Lake Havasu City officials say passage of Proposition 409 would not result in a new pot of money for the city but rather would allow the city to use the revenues it already brings in.
But City Council and Mayoral candidates aren’t necessarily in agreement about how the city would proceed assuming the measure passes on Aug. 28.
Some candidates, such as incumbent Councilwoman Michele Lin, would like to see the city address salary compression for firefighters and other city employees. The issue has become a hot-button topic following the council’s decision in May to not allocate funding in the 2018-19 fiscal year budget to address fire department wages. Compression, also referred to as compaction, occurs when long-time employees make similar wages to those hired at a later date.
“The first thing I would like to see addressed is compaction issues citywide,” she told the News-Herald in an email. “I think that our current ‘step’ (compensation plan) approach is no longer suitable for many of our departments. We should look more into the longevity of city employees when making salary increases.”
Candidate Rich Crayne, along with mayoral candidates Cal Sheehy and Nicole Norona, also said the matter is an item they would like to see addressed if the ballot initiative passes.
Councilman David Lane, who is not facing an election this year, agreed that the ballot measure would make it easier for the city to address salary issues and he defended his earlier vote not to take on salaries in this year’s budget: “I didn’t want to address the compression issues at that time because if Prop. 409 doesn’t pass there’s a really good possibility we’re going to be having to lay people off so it doesn’t make sense to take and put money into this issue…because the fact is if Prop. 409 doesn’t pass we have to make cuts somewhere, we may have to lay people off, we may not have to, we don’t know where those cuts are going to come from.”
Prop. 409 would also allow city officials to move forward with certain budget priorities for the 2019-2020 fiscal year without the worry of potential budget cuts and going over its annual expenditure limitation, which could result in the loss of state-shared revenues.
Norona would also like to look into previously cut city positions, services and programs to determine if any could be reinstated. She used Teen Break as an example – a spring break program for Havasu teenagers that closed in January due to a decline in participation.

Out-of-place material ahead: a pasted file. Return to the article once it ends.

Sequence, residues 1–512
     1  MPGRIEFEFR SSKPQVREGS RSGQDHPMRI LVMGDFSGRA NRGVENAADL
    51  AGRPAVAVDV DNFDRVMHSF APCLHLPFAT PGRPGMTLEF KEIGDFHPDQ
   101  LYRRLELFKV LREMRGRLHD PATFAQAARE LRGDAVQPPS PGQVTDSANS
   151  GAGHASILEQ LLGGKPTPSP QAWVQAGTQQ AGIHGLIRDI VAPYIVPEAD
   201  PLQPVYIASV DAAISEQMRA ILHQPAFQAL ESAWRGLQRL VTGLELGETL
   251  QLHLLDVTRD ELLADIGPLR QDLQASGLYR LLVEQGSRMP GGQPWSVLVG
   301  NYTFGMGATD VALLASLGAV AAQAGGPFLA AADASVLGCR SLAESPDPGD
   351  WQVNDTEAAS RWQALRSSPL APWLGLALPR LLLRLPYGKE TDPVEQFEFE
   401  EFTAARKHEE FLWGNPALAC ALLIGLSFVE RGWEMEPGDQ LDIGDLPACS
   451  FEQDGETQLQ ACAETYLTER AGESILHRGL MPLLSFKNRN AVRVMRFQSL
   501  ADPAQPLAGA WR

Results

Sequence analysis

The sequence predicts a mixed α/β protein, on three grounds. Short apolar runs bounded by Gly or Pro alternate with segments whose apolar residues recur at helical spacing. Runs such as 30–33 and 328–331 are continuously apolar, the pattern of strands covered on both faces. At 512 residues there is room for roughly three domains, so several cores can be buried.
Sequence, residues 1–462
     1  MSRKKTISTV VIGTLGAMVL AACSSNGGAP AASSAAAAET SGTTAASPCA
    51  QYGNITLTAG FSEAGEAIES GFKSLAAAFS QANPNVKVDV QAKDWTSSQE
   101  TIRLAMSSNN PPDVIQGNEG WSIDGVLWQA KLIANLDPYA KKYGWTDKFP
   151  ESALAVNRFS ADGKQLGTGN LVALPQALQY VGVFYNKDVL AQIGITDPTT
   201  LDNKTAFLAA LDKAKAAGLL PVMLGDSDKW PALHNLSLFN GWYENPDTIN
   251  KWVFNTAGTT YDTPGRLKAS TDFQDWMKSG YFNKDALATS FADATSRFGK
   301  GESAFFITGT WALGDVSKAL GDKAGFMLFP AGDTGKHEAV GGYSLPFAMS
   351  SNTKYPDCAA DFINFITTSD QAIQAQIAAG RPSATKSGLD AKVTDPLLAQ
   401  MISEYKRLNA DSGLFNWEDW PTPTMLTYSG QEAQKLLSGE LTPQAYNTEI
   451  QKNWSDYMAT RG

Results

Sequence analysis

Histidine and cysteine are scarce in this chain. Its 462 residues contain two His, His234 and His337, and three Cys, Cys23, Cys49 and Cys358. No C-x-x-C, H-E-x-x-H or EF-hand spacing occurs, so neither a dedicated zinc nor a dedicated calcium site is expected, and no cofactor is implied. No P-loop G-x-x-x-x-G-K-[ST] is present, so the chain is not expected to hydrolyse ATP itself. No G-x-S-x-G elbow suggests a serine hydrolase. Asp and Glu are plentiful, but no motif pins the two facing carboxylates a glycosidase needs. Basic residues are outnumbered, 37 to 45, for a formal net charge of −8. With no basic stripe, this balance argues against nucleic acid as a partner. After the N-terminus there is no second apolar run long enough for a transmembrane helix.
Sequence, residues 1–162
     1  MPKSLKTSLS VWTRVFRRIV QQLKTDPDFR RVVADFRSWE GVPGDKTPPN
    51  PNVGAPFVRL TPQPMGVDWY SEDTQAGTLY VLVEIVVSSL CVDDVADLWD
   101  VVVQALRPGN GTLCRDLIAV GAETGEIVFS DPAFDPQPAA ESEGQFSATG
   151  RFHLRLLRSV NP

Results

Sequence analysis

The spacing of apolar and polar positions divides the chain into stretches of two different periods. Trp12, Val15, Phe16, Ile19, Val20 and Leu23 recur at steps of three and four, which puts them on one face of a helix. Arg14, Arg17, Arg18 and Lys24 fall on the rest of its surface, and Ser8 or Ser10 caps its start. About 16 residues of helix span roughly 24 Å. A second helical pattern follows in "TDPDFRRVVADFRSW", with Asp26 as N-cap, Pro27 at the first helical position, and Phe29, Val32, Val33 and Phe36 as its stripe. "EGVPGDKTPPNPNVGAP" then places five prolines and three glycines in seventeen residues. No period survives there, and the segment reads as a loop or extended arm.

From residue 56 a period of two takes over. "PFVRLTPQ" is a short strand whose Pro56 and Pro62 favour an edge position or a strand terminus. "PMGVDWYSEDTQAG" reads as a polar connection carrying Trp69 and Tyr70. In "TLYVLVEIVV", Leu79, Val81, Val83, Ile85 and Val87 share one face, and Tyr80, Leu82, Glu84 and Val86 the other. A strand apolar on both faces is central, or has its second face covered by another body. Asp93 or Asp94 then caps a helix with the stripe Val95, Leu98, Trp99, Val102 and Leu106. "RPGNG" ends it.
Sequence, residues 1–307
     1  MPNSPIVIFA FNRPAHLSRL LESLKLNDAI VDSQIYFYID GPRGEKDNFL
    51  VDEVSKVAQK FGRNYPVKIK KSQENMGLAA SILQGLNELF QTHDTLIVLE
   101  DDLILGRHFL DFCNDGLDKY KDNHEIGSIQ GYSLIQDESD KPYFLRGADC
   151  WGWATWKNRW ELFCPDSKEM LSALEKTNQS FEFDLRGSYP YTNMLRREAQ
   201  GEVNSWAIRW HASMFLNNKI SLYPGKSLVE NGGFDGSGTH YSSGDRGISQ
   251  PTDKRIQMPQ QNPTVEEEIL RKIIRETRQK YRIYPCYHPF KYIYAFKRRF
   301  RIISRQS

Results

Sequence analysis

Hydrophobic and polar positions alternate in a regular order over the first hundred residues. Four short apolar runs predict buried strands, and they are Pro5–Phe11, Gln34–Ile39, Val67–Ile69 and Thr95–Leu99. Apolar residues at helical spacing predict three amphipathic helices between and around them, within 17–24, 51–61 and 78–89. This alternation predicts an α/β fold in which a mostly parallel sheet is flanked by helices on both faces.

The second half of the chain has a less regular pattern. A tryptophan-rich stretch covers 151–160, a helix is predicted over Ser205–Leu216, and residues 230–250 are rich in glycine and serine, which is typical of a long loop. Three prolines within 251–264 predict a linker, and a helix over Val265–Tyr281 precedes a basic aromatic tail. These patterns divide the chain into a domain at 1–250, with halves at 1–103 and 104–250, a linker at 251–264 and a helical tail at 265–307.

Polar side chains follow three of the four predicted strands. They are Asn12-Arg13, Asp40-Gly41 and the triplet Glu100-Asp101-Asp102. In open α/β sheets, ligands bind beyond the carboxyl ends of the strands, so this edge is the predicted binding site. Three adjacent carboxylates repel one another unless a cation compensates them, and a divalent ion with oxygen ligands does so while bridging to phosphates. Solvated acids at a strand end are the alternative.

“Ultimately it is up to the great people of Lake Havasu City how they want their tax dollars spent. And it is our job as elected officials to ensure we present the general public with the issue at hand and all reasonable solutions in order to allow the voice of the community to be heard,” she wrote in an email.
Sheehy stated that his goal would be to meet the needs of the citizens, adding that most of it had already been identified in the city’s community investment program and Vision 20/20 Implementation Plan.
“What I’m hearing from the community through the conversations that we’ve had through the election cycle and through the conversations we’ve had with Prop. 409 is they like the direction we’re going and so I don’t propose anything new,” said Sheehy. “I propose that we continue the forward movement that addresses the issues that are important to our citizens.”
Ultimately, he added, those budget discussions and decisions would occur during the city’s “normal and open” budget process next year. Lane stated in an email that the budget process is conducted by the City Manager Jess Knudson and city staff with input from the community and the City Council.
Both Lane and Mayor Nexsen, whose term expires this year and is not seeking reelection, shared similar views as Sheehy in that the city should focus on its approved capital improvement projects and Vision 20/20 plans – some of which are included in the CIP – if Prop. 409 passes.
“I have no pet projects…each year we shall see what revenues we have and move forward from there,” wrote Lane in an email. “Listening to the other council members, they feel as I do: no raise in taxes, live within our means and complete projects based on what the people want and what the revenues will allow.”
Councilmembers Gordon Groat and Donna McCoy, along with candidates Jeni Coke, Jim Dolan and Alex McClane, did not immediately respond to requests for comment.